Emily Sigman is a National Science Foundation Graduate Research Fellow pursuing a joint Master of Forestry and Master of Global Affairs degree. As an undergraduate, Emily double majored in philosophy and international studies and graduated from Yale in 2011. Emily then spent five years as the co-founder of an urban farm and affordable housing cooperative in Colorado, while also working with a range of local, national, and international agricultural organizations.

At Yale, Emily explores potential avenues for more abundant, resilient, and multi-functional food systems.  Her studies are grounded equally in natural science and social science, and she employs mixed methods to undertake interdisciplinary projects across the globe.  Her research revolves around agroforestry and silvopasture (the incorporation of trees into agricultural and ranching landscapes, respectively), with a focus on inter-species relationships.  Through her work, she seeks to illuminate pathways for socio-ecological restoration and the mutual flourishing of earth's many communities.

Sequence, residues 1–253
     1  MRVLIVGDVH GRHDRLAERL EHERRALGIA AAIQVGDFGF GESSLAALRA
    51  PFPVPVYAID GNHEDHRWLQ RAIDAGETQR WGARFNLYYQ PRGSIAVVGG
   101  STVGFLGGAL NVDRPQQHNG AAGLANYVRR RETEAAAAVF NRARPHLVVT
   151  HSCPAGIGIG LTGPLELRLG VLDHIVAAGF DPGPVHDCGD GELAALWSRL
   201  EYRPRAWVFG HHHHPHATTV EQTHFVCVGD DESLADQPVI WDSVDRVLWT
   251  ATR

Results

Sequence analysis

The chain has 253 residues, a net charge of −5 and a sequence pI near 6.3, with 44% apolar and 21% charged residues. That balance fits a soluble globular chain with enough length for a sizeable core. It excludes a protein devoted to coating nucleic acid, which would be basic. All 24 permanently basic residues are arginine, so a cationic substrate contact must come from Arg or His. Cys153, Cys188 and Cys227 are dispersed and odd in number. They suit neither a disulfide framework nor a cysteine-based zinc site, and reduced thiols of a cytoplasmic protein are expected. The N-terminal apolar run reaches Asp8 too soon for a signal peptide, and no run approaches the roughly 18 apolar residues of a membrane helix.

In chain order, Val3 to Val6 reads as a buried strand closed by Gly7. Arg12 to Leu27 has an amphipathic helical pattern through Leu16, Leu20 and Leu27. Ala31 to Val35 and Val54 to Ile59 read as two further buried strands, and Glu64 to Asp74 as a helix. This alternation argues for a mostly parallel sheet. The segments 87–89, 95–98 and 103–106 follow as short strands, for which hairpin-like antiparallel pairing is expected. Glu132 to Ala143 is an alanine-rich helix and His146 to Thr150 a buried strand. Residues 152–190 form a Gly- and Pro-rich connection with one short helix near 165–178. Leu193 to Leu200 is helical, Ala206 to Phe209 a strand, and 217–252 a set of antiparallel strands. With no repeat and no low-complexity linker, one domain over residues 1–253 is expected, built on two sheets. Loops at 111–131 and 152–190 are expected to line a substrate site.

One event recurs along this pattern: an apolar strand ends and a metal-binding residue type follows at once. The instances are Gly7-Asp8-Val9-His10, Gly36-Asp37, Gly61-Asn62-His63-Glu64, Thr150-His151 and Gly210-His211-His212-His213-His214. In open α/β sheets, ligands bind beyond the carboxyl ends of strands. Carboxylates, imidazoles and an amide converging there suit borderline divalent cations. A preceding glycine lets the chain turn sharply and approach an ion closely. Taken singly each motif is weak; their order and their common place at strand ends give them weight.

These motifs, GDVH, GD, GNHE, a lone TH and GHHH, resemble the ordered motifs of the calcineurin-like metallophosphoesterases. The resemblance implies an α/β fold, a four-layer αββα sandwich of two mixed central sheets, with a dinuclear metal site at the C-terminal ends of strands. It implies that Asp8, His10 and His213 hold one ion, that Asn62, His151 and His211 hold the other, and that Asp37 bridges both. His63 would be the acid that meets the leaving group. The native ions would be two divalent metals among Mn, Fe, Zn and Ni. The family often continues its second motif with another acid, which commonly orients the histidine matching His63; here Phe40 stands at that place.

Emily speaks five languages, and has worked in a wide variety of field settings across Latin America, Eurasia, and Sub-Saharan Africa.  She is also an active force for transformation in the Yale-New Haven community; She is the landscape steward for the Yale Community Forest Garden, co-leader of the Yale Ethnobotany and Mycology Society, and a co-founder of the Yale Agroforestry Collaborative.